CHOPSTICK is a malware family of modular backdoors used by APT28. It has been used since at least 2012 and is usually dropped on victims as second-stage malware, though it has been used as first-stage malware in several cases. It has both Windows and Linux variants.     It is tracked separately from the X-Agent for Android.
|Enterprise||T1071||.001||Application Layer Protocol: Web Protocols||
Various implementations of CHOPSTICK communicate with C2 over HTTP.
|.003||Application Layer Protocol: Mail Protocols||
Various implementations of CHOPSTICK communicate with C2 over SMTP and POP3.
|Enterprise||T1059||Command and Scripting Interpreter||
CHOPSTICK is capable of performing remote command execution.
|Enterprise||T1092||Communication Through Removable Media||
Part of APT28's operation involved using CHOPSTICK modules to copy itself to air-gapped machines, using files written to USB sticks to transfer data and command traffic.
|Enterprise||T1568||.002||Dynamic Resolution: Domain Generation Algorithms||
CHOPSTICK can use a DGA for Fallback Channels, domains are generated by concatenating words from lists.
|Enterprise||T1573||.001||Encrypted Channel: Symmetric Cryptography|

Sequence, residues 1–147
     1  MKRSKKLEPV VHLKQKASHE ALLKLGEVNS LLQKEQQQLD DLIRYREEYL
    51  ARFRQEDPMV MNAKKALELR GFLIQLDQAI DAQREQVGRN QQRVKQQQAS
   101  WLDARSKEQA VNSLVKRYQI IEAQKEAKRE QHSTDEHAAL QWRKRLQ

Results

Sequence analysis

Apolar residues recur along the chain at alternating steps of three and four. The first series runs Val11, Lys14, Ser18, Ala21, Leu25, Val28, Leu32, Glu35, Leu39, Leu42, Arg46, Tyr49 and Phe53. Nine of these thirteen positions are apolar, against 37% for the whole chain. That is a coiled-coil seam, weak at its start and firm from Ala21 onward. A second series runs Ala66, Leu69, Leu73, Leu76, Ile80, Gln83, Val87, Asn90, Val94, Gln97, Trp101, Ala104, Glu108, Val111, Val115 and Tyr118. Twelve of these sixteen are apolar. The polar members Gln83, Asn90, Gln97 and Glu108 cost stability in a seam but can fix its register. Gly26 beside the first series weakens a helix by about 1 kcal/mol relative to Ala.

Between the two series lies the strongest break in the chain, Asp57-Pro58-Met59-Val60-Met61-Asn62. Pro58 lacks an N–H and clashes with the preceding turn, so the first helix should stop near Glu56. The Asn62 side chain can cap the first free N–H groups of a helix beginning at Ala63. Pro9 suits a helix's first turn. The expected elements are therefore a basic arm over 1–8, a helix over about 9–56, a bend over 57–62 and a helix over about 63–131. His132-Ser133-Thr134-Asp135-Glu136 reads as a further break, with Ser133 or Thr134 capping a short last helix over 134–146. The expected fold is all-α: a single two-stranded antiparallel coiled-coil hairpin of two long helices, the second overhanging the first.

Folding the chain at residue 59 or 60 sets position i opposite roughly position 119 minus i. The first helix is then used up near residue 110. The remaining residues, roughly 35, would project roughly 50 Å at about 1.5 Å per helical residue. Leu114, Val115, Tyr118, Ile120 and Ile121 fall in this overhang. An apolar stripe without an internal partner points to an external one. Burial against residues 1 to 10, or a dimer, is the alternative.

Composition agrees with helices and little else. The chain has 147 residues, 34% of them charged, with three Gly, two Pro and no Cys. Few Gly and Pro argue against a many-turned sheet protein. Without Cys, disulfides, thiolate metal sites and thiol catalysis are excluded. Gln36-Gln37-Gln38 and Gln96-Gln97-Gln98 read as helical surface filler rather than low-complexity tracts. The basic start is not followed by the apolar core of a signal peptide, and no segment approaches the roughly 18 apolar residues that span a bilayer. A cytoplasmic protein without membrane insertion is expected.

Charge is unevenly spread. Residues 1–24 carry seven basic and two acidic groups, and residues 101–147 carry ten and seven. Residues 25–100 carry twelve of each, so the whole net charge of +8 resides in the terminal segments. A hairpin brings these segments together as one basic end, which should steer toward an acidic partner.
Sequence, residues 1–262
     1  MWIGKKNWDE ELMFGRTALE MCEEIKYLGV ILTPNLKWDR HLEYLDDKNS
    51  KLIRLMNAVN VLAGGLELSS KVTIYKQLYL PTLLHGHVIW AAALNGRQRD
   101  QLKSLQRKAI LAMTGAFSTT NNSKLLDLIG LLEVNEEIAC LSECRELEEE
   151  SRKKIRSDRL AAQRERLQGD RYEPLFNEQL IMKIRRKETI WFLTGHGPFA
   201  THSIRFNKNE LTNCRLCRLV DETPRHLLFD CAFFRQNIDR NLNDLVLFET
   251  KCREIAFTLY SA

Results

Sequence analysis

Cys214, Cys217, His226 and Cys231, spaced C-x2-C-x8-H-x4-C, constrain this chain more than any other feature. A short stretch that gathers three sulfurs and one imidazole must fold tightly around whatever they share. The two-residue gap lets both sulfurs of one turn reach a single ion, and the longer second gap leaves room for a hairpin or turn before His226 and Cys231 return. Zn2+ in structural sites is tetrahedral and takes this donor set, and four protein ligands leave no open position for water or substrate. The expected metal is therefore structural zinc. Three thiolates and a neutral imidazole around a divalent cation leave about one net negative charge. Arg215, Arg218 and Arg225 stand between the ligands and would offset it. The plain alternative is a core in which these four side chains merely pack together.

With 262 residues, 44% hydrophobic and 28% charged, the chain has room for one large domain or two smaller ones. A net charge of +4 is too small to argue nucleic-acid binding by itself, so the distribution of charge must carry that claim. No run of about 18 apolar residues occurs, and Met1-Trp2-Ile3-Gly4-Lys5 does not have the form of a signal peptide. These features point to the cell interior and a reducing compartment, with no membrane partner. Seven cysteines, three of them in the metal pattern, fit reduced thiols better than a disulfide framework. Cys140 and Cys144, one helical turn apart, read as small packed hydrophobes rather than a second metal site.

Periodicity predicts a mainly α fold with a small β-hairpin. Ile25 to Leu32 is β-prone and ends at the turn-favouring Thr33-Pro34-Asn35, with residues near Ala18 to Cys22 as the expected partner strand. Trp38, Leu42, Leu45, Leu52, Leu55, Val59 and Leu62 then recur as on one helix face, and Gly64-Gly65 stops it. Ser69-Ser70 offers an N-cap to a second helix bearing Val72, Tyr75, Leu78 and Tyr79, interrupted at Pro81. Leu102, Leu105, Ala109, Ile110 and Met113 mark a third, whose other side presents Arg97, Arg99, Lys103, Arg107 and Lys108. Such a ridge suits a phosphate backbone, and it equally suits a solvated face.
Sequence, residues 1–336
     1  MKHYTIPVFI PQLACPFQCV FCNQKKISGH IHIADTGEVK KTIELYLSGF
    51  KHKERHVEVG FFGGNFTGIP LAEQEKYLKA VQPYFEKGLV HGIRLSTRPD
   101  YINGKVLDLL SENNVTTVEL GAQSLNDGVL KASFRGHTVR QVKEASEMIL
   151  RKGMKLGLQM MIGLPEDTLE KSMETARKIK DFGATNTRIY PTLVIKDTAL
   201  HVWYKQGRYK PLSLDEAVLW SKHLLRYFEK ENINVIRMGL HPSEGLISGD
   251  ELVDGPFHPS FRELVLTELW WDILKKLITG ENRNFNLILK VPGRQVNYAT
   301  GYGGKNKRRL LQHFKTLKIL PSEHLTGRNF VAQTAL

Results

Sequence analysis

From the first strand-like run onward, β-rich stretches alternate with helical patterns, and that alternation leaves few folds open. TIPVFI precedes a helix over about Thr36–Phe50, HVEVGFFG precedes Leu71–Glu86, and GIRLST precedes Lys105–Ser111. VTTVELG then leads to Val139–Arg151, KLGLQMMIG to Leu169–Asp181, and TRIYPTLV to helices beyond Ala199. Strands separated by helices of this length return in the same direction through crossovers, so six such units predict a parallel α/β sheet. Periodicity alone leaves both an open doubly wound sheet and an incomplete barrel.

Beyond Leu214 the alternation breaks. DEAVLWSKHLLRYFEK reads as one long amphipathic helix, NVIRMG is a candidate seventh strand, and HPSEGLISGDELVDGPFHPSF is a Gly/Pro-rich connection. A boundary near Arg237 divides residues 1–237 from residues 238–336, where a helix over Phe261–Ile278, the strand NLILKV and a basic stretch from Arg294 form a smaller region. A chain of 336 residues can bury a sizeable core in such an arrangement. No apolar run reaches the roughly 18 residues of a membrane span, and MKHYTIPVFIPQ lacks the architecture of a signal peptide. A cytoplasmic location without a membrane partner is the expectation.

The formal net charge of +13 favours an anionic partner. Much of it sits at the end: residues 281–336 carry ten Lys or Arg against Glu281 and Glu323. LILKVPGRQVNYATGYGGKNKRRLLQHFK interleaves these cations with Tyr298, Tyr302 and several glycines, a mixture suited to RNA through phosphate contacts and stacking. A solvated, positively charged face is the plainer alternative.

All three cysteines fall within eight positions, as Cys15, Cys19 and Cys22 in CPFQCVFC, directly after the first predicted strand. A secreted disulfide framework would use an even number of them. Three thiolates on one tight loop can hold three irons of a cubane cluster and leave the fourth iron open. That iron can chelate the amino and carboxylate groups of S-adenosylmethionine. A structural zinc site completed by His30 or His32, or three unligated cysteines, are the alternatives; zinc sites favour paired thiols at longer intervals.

|.002||Encrypted Channel: Asymmetric Cryptography|
CHOPSTICK can switch to a new C2 channel if the current one is broken.
|Enterprise||T1083||File and Directory Discovery||
An older version of CHOPSTICK has a module that monitors all mounted volumes for files with the extensions .doc, .docx, .pgp, .gpg, .m2f, or .m2o.
|Enterprise||T1105||Ingress Tool Transfer||
CHOPSTICK is capable of performing remote file transmission.
|Enterprise||T1056||.001||Input Capture: Keylogging|
CHOPSTICK may modify Registry keys to store RC4 encrypted configuration information.
|Enterprise||T1027||.011||Obfuscated Files or Information: Fileless Storage||
CHOPSTICK may store RC4 encrypted configuration information in the Windows Registry.
|Enterprise||T1090||.001||Proxy: Internal Proxy||
CHOPSTICK used a proxy server between victims and the C2 server.
CHOPSTICK provides access to the Windows Registry, which can be used to gather information.
|Enterprise||T1091||Replication Through Removable Media||
Part of APT28's operation involved using CHOPSTICK modules to copy itself to air-gapped machines and using files written to USB sticks to transfer data and command traffic.
|Enterprise||T1518||.001||Software Discovery: Security Software Discovery|
CHOPSTICK includes runtime checks to identify an analysis environment and prevent execution on it.